A public housing authority can be sued for negligence by the family of a tenant who was shot and killed by another tenant, the Tennessee Supreme Court has ruled in reversing a summary judgment. The plaintiffs' father lived in an apartment complex owned by the Memphis Housing Authority. He was shot and killed when a tenant with a history of violent attacks on other tenants fired a rifle at private security guards.
The plaintiffs sued for wrongful death, alleging that the housing authority was negligent in failing to provide adequate security. In particular, the plaintiffs alleged that the housing authority was negligent in failing to screen out a tenant with a history of violence and in failing to ensure that he did not possess a firearm.
The housing authority argued that it had no duty to protect tenants from the criminal acts of other tenants.
But the court disagreed, explaining that a "landlord and tenant qualify as having a special relationship. Further, violence in a housing project is, generally speaking, foreseeable. ... In consequence, precautions are warranted. ...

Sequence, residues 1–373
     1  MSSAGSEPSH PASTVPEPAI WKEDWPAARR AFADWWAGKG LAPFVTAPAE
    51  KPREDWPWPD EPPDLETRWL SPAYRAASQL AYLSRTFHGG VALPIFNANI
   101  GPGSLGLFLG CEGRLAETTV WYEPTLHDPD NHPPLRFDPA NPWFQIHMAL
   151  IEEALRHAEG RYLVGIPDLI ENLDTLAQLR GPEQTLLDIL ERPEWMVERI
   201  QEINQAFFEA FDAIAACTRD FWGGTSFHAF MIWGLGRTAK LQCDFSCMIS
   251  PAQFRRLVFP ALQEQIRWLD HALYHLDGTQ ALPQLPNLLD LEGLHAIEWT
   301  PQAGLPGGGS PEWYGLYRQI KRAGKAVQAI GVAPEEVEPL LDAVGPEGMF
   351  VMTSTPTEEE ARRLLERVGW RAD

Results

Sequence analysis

"The question, of course, is whether [the housing authority], with some general knowledge of criminal activity within its housing complexes and a particular knowledge of [the other tenant's] altercation with another tenant four years earlier, could have reasonably foreseen the probability of a violent act. We think so. Indeed, the risk of violent attack at a housing project is nothing new. The potential for violence in the [apartment complex] was, therefore, generally foreseeable by the landlord. "
Tennessee Supreme Court. Giggers v. Memphis Housing Authority, No. W2006-00304-SC-R11-CV. Feb. 3, 2009. Lawyers USA Nos. 993-443 (majority) and 993-444 (concurrence/dissent).
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